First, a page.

Bacterial infection or virus?

In the office I am frequently asked how I can tell whether a child has a serious bacterial infection or “just a virus.” It is not an easy question to answer since both may manifest fever and irritability.

Dr. Betty Staples, a primary care physician and director of Duke's Pediatric Residency Program, gives us some advice on how to tell the difference between these two types of infection.

-- Dennis Clements MD, PhD, MPH 

Every day, parents bring their children to the pediatrician for help in determining whether their sick child has "just a cold" or something more.

Children's colds costs us 22 million missed school days and 20 million parental missed days of work every year. In most cases, these are the "just a cold" variety of virus. However, we also know that other, less common infections can develop in our children, and these need evaluation by the pediatrician to determine if antibiotics are required.

Viral infections

Common viral infections such as an upper respiratory infection (URIs) can typically be detected by runny nose, cough, low-grade fever, sore throat, and difficulty sleeping. No antibiotics or anti-viral medications can hasten recovery from the cold.

Of note, when compared to adults, URIs in children may last longer (up to 14 days) and occur more frequently (average six to eight per year).

Influenza is a viral illness that can cause many of the same symptoms but also is frequently accompanied by intense body aches and higher fever. Unlike URIs, the flu's duration -- if detected within the first 48 hours of illness -- can be shortened by antiviral medication.

A dose of flu vaccine (or two doses a month apart in the young child receiving flu vaccine for the first time) given at the start of each "flu season" can help to prevent influenza infections.

Bacterial infections

In some cases we become more concerned that the infection may be caused by a bacterial infection. Bacterial infections may be the result of "secondary infection" (meaning that the virus initiated the process but a bacteria followed) when the:

  • Symptoms persist longer than the expected 10-14 days a virus tends to last
  • Fever is higher than one might typically expect from a virus
  • Fever gets worse a few days into the illness rather than improving

Sinusitis, ear infections, and pneumonias are common examples of secondary infections. For example, a runny nose that persists beyond 10-14 days may be a sinus infection that would be best treated with an antibiotic. Ear pain and new onset fever after several days of a runny nose is probably an ear infection. Depending on your child's age, these infections may or may not require an antibiotic.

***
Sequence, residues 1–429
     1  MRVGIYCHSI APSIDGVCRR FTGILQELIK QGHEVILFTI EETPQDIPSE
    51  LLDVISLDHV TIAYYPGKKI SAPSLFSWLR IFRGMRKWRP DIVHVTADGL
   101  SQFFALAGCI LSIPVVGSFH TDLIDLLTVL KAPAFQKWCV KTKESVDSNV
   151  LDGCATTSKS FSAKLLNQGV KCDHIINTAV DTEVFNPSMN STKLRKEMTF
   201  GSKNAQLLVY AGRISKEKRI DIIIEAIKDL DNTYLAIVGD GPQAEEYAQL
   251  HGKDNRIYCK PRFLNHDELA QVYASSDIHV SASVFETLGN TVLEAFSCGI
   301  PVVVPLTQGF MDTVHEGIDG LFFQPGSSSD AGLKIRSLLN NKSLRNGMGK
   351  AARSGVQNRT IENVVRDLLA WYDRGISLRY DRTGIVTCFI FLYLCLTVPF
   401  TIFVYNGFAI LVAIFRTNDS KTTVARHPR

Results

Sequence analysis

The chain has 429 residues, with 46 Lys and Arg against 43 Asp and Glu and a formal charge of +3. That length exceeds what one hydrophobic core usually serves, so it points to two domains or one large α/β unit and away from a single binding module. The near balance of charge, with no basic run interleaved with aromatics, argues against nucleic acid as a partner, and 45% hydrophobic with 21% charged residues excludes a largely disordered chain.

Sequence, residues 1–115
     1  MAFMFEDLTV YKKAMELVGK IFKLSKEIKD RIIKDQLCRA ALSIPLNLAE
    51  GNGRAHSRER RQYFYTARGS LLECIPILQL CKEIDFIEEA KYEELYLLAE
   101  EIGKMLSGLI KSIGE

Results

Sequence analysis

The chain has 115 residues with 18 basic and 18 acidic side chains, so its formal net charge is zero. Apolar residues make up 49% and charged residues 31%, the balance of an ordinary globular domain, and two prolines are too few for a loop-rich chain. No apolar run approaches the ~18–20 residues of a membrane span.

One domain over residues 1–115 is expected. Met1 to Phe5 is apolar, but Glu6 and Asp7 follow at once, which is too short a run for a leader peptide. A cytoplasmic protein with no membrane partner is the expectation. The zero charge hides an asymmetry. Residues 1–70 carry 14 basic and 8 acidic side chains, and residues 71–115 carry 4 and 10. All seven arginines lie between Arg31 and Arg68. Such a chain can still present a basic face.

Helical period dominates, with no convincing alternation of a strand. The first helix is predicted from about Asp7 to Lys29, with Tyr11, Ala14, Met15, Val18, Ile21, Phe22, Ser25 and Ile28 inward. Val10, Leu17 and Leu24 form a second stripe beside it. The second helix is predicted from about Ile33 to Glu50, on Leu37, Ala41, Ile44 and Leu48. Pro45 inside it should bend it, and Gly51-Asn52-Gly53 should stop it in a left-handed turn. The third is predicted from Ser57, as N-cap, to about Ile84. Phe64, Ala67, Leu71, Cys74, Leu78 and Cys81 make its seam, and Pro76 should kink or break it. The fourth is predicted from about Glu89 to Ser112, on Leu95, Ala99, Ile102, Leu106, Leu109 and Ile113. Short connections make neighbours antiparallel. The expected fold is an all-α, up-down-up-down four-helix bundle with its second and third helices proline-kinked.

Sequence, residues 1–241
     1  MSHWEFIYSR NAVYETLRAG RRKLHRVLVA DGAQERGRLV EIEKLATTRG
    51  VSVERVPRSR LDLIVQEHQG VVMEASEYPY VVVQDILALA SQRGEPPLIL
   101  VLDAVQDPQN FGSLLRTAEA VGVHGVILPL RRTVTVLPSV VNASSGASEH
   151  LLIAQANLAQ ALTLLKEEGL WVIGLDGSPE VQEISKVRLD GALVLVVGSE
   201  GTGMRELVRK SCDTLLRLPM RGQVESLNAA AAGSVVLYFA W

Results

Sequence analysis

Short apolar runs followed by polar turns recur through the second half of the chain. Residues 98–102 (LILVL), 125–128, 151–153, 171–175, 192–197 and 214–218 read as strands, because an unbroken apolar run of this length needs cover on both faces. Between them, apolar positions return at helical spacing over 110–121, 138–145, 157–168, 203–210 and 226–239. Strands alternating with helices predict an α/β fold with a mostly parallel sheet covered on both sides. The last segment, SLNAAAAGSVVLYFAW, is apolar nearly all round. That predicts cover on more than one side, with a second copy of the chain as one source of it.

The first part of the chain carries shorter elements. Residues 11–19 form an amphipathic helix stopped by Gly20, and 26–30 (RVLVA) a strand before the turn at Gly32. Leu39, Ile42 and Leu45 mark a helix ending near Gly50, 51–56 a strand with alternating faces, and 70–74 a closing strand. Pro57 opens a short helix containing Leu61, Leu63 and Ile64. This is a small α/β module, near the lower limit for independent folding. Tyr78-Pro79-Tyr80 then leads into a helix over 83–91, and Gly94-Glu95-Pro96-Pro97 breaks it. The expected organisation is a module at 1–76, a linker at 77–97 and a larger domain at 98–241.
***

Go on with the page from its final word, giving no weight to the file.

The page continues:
Pneumonia may be detected by persistent cough, stomach ache, or difficulty breathing. Your physician may diagnose pneumonia by physical exam or may request a chest x-ray.

Other bacterial illnesses that we are concerned about include urinary tract infections (UTIs), which can be hard to detect and can cause kidney damage if they are untreated. If your child has a fever without a great source of infection, your doctor will likely want to check the urine. UTIs are more common in little girls and in baby boys under one year of age who are not circumcised.

More serious concerns are bacterial illnesses like sepsis (bacteria in the blood) and bacterial meningitis (bacterial infection in the lining of the brain and spinal cord). We become concerned about meningitis in older children with a stiff neck or changes in mental status. Babies are less likely to be able to show us these symptoms, and we are more likely to do more tests on them to make sure these infections are not part of the illness.

Remember that many of the vaccines that your child receives in the first years are meant to prevent these serious bacterial infections.

Diagnosing bacterial infection

Tests that are frequently performed to help us with the diagnosis of a bacterial infection include a complete blood count and cultures of fluid that we are concerned about. This may include a blood culture, urine culture, or spinal culture (which requires a spinal tap).

Whether the infection turns out to be caused by virus or bacteria, you should watch your child for any of the following signs and bring them to medical attention if they develop:

  • Dehydration, demonstrated by decreased fluid intake; urination less than three times in 24 hours; or decreased tears with crying
  • Increased work of breathing including fast breathing, nostril flaring, use of rib, stomach, or neck muscles to breathe
  • Markedly decreased activity or responsiveness
  • No improvement over a three - to five-day period
  • All children under three months of age with a fever

Children who are around other children will have more frequent infections. But remember most children these days (thanks to vaccines that prevent most serious secondary bacterial infections) will have viruses that take supportive care only.

-- Betty Staples, MD, is a physician at Duke Children's Primary Care and director of Duke's Pediatric Residency Program.

-- Dennis Clements, MD, PhD, MPH, is the chief of primary care pediatrics at Duke Children's Hospital.

Written by Dennis Clements, MD for Duke Medicine    |    Added February 6, 2014